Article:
Elephants advocates on both sides of the issue face off outside Seattle City Council chambers on Monday, March 9, prior to a council meeting. Supporters of the Woodland Park Zoo’s elephant program, wearing brown, wait in line alongside advocates, wearing orange, who hope the elephants, Chai and Bamboo, retire to a sanctuary. A 20 minute pubic comment period was allowed duing today’s meeting where people from both sides expressed their views. (photo © Karen Ducey Photography)
The Seattle City Council chambers were packed on Monday, March 3, with advocates on both sides voicing opinions about the fate of the Woodland Park Zoo’s two remaining Asian elephants, Chai and Bamboo.
Wearing brown tee shirts, supporters of the Woodland Park Zoo argued zoo programs are helpful for conservation purposes and that the Oklahoma City Zoo is a world class facility for Seattle’s elephants.
Supporters wishing the elephants would be retired to a sanctuary wore orange tee shirts and argued zoos are no place for the free roaming animals, especially Oklahoma City which boasts extreme temperatures that would result in more time locked in the barns.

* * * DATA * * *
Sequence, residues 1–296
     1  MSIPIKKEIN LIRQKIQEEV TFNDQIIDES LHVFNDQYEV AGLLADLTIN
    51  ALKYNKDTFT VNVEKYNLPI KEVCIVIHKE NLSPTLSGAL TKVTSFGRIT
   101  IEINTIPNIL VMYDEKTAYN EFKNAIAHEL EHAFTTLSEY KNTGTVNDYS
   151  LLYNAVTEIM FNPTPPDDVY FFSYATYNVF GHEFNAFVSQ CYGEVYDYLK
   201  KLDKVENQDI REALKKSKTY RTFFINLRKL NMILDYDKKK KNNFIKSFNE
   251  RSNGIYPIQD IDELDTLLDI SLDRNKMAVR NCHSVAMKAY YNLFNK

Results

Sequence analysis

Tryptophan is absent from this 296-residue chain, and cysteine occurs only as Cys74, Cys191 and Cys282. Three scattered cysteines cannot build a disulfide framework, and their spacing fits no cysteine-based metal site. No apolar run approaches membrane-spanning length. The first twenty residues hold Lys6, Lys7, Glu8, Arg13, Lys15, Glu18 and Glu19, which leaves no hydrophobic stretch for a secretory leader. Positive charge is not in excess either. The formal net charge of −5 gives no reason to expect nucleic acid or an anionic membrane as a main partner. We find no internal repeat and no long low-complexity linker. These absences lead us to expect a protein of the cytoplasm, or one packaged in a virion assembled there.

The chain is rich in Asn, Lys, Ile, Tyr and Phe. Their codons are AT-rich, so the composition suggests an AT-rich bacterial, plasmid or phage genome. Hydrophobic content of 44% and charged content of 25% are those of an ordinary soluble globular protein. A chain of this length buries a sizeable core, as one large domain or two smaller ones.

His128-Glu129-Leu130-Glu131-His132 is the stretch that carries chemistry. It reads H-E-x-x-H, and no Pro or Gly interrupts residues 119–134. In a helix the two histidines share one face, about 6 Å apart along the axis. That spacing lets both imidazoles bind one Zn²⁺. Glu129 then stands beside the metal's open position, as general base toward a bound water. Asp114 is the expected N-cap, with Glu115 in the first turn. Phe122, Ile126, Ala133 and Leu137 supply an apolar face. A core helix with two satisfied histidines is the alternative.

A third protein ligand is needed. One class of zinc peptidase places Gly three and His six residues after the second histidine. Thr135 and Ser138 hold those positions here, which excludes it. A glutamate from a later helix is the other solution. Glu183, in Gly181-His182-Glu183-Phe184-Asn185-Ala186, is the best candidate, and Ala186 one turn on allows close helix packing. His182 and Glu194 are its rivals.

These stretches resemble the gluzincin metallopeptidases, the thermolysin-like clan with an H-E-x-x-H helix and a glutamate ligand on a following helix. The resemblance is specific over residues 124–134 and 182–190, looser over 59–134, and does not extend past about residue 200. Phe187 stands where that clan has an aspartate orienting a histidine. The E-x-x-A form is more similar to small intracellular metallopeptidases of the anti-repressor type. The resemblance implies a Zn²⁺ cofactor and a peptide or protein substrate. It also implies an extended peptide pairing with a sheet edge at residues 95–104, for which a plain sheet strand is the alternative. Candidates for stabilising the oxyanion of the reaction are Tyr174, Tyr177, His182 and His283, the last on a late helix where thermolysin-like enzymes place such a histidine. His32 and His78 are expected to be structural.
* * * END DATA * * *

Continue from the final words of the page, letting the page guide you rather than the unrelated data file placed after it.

Earlier in the day the Elephant Justice Project held a press conference announcing a new lawsuit filed in King County Superior Court against the Woodland Park Zoo claiming the city had no right to turn over ownership of Chai and Bamboo in 2002. The press release stated:
Knoll Lowney, an attorney for EJP, summarizes: “The lawsuit is powerful in its simplicity. The Legislature passed a law in 2000 that allowed the City to contract with the Zoo Society to operate and manage the zoo, but the City had no legal authority to give away all of the animals and equipment. Our state Constitution prohibits such gifts. The 2002 agreement giving Chai and Bamboo to the Zoo Society is illegal and unconstitutional, so the Zoo Society has no authority to decide their fate.”
The zoo has agreed not to move the elephants to Oklahoma before April 3rd when the court is expected to rule on the Elephant Justice Project’s motion for preliminary injunction.
The Elephant Justice Project also handed out documents alleging Chai and Bamboo are likely infected with the same herpes virus that killed Chai’s baby, seven-year-old Hansa, in 2007. Watoto, an African elephant belonging to the Woodland Park Zoo until it died suddenly last year, also tested positive for the highly contagious virus according to papers.
A clip of the Seattle city council meeting can be heard here.